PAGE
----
Revealed: the uphill and down dale battle to bring Tour de France to Yorkshire

Whitehall had rival plans to host cycling’s biggest event in Britain

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The Independent Online

When God’s Own County secured the rights to stage the opening of the world’s greatest cycle race over another Government-backed British bid it didn’t go down well in the corridors of power in London.

Now revelations that sports leaders and senior civil servants sought to present next year’s Grand Départ of the Tour de France as an all-English rather than a Yorkshire spectacle have prompted fury in the White Rose county raising fears of incipient sporting London-centricity in the wake of the Olympics.

Next summer hundreds of thousands of fans will line the route to watch the peloton, including previous winners Sir Bradley Wiggins and Chris Froome, as they weave their way through a sumptuous 290km route from Leeds to Sheffield on the first two days of the event before heading south for a final UK stage between Cambridge and London.

Minutes of top level meetings released under the Freedom of Information Act however reveal that UK Sport and the Department for Culture Media and Sport (DCMS) originally asked the tourism agency Visit England to take over the marketing of the jamboree and erase Yorkshire from the credits.

“They have discussed marketing the event as England and the opportunities for Visit England to be involved in this. Visit England confirmed that they would be keen to lead …” the minutes from a meeting in March reveal.

Ministers and cycling’s governing body had originally backed a £10 million scheme which would have seen the race begin in Edinburgh shortly before the referendum on Scottish independence and proceeding into Wales.

It is claimed the Prime Minister had already been briefed by sports minister Hugh Robertson the bid was successful although Tour organisers would not accept the four-day plan for what it insisted should be a three-day event. However, Mr Robertson said that at no time had he discussed the issue with Number 10.

Yorkshire then stole the prize with a maverick bid led by tourism head Gary Verity, chief executive of Welcome to Yorkshire (WTY), who believed it provided the perfect advert for the county’s delights before a global TV audience of three billion.

Before agreeing to divert the money the board of UK Sport sought to block Mr Verity’s role in the project and raised a series of objections over his organisation’s ability to make it a reality.

“(The) board agreed that it should not invest National Lottery funding into WTY’s proposal due to the concerns that had been raised regarding the financial and logistical viability of the hosting plans. (The) board also expressed limited confidence in WTY’s leadership of the event,” the minutes said.

Former Labour sports minister Richard Caborn, who was MP for Sheffield Central for 27 years, said Yorkshire was not getting the recognition it deserved.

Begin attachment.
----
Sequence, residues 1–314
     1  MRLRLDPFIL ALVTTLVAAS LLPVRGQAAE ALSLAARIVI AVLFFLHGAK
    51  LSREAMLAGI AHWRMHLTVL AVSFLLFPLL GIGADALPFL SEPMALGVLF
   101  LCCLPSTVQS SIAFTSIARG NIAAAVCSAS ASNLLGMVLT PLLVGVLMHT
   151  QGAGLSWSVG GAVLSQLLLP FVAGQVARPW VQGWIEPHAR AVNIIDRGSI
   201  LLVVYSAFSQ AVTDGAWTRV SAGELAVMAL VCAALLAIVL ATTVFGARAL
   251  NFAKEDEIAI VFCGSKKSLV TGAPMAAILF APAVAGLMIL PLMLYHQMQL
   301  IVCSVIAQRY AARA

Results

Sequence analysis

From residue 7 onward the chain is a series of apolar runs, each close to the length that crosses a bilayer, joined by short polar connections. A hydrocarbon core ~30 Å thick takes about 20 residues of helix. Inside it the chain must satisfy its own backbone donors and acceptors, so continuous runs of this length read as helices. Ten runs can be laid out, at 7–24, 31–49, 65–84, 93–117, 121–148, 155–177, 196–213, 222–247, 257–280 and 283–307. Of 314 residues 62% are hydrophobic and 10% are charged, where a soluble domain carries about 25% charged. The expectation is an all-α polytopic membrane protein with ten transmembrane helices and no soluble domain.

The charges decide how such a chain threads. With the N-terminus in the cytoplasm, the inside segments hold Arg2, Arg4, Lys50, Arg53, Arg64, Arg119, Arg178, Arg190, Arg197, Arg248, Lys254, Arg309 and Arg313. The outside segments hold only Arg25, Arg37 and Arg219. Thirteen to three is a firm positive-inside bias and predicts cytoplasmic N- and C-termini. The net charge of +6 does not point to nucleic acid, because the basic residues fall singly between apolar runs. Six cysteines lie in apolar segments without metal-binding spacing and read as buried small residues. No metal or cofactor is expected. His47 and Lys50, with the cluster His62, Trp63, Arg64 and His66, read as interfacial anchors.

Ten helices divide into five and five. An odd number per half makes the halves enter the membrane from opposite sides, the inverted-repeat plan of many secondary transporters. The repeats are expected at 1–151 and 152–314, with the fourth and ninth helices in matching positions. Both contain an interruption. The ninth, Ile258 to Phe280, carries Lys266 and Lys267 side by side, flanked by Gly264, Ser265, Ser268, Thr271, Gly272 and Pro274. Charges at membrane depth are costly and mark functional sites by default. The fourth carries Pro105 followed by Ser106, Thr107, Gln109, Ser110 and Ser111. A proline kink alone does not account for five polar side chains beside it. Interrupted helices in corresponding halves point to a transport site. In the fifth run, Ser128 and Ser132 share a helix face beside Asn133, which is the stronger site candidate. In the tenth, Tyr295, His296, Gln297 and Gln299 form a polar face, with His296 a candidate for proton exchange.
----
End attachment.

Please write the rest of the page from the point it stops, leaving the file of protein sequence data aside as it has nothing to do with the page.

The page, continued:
“We expect UK Sport to back Yorkshire as they did for the London bid for London 2012. When the Tour de France set off from London (in 2007) it wasn’t marketed as an England event it was a London event,” he said.

“We have to be careful we don’t overheat London in terms of sport as has been done with the economy. Yorkshire is a remarkable place – from the countryside to its elite sportsmen and women. If Yorkshire had been competing at the last Olympics it would have come 12th in medal rankings. We do make our contribution.

“We would want to be recognised for that and when we are successful on the international stage – like London – we would expect to get recognition,” he added.

The Yorkshire Post, which obtained the original documents, said the actions of DCMS and UK Sport, “smacks of sour grapes.” It said: “Their own Grand Départ bid … was rejected in favour of Yorkshire's rival bid which revolved around the iconic imagery that will be beamed to a global TV audience.”

UK Sport said it was now reassured over the organisation of the event which will also receive £11 million from Yorkshire councils including Leeds, which will host the first day of the race.

A new committee overseeing the event outside London will be headed by former UK Sport chief Sir Rodney Walker with Mr Verity as his deputy.

In a statement UK Sport said: “The Tour coming to Yorkshire, Cambridge and London next year will be one of the highlights of the sporting calendar and all of the stakeholders are committed to doing all we can to make it a huge success.”

Jeremy Brinkworth, Visit England’s sports tourism project director said: “There will clearly be a major focus on Yorkshire as the host destination for the Grand Départ and the start of this very exciting event.

“There is a renewed interest in and enthusiasm for cycling in this country, and the Grand Départ in Yorkshire, and Cambridge to London stage provides us with a great hook to create a powerful marketing campaign promoting cycling tourism around the whole of the country.”